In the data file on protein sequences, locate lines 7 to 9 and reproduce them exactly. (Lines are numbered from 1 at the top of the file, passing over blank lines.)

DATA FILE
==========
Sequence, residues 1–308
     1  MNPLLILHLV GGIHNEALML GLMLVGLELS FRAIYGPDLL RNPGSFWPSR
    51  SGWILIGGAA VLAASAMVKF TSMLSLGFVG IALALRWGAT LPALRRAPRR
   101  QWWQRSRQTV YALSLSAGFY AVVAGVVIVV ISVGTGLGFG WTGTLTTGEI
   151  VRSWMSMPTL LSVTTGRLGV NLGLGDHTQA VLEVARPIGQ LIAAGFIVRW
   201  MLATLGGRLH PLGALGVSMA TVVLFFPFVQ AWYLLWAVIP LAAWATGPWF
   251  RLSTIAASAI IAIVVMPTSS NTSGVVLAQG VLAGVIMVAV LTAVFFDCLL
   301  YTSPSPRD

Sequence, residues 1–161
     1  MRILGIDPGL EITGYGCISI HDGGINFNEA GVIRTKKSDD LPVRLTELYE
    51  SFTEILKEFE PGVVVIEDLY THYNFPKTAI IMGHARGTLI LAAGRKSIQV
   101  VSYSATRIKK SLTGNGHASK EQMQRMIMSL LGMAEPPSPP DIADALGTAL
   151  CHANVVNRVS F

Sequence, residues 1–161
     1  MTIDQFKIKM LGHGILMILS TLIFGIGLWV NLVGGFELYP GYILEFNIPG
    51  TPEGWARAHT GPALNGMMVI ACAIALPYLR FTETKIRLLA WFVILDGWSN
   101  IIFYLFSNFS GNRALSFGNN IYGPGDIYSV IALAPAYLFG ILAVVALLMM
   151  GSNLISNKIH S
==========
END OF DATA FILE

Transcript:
   251  RLSTIAASAI IAIVVMPTSS NTSGVVLAQG VLAGVIMVAV LTAVFFDCLL
   301  YTSPSPRD

Sequence, residues 1–161